ARTHIST 115G Global Art Histories

ARTHIST 115G | BE, EDSW, EMHSS, LC | Semester Two 2024 | City Campus | 15 points


Global Art Histories offers a broad survey of art and visual culture spanning from the early modern period to the contemporary.  In different cultures and in different historical periods, art is used variously to express and extend existing power and authority. Yet such images have also been used for revolution and change. In this course students will be introduced to a range of art practices situated within a global context and will consider art works produced in Māori and Pacific cultures alongside European and American, Indian, Middle Eastern and Asian traditions.  Taking a comparative approach, the course provides students with knowledge of the world's most important cultural traditions. It trains students to recognize how power manipulates vision, concepts and materials, and how artists have challenged this power.

The classes are structured within thematic topics, which include the expression and representation of authority and power; the emergence of different perspectives on modernity and different cultural and political explorations of feminism and identity, migrations and diasporas.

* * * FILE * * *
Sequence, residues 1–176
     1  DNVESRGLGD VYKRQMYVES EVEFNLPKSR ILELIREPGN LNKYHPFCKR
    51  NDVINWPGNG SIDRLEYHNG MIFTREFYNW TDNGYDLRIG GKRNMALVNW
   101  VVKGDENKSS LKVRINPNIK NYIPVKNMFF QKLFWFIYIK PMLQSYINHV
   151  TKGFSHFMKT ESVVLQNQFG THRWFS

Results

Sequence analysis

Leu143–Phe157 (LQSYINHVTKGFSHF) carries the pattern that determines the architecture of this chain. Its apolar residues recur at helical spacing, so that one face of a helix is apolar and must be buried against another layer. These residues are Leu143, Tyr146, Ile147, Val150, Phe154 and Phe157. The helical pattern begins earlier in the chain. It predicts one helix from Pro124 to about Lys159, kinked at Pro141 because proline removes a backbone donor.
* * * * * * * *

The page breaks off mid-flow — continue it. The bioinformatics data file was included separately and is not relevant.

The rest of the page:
Learning Outcomes

By the end of this course, students will be able to:

  1. Develop the ability to visually analyse artworks, images and examples of visual culture using reliable methods and terms.
  2. Develop and demonstrate a good confidence in comparing and contrasting artworks and examples of visual culture across cultures.
  3. Demonstrate the ability to situate artworks in their social, historical, cultural and economic contexts.
  4. Develop the skills to sustain an argument and logically compose a narrative in essay writing.
  5. Understand the techniques required to find and research quality resources and information in the library and online.
  6. Identify how Maori artists reflected, adapted and challenged new presences and influences, such as Christianity, colonisalism, new materials and ideas in both customary and contemporary contexts.
  7. Understand how Pacific artists explore and translate indigenous knowledge systems and urban experiences into a range of art forms such as tatau, tapa cloth, painting and photography, as well as performance and digital art practices.


Student Feedback

I really like that this Art History course is in a way linked more closely to my programme than the other options for the first–year elective. It helps enrich knowledge of the art world in general. The structure and objectives are very clear.

Provided a broad range of discussion points on multiple levels, enabling a good depth of understanding. As the art history traversed different cultures simultaneously, it showcased both the diversities and similarities of techniques, genre, styles and evolution of art practice.

The lecturers were very knowledgeable and prepared so I found notes I made were very helpful also.

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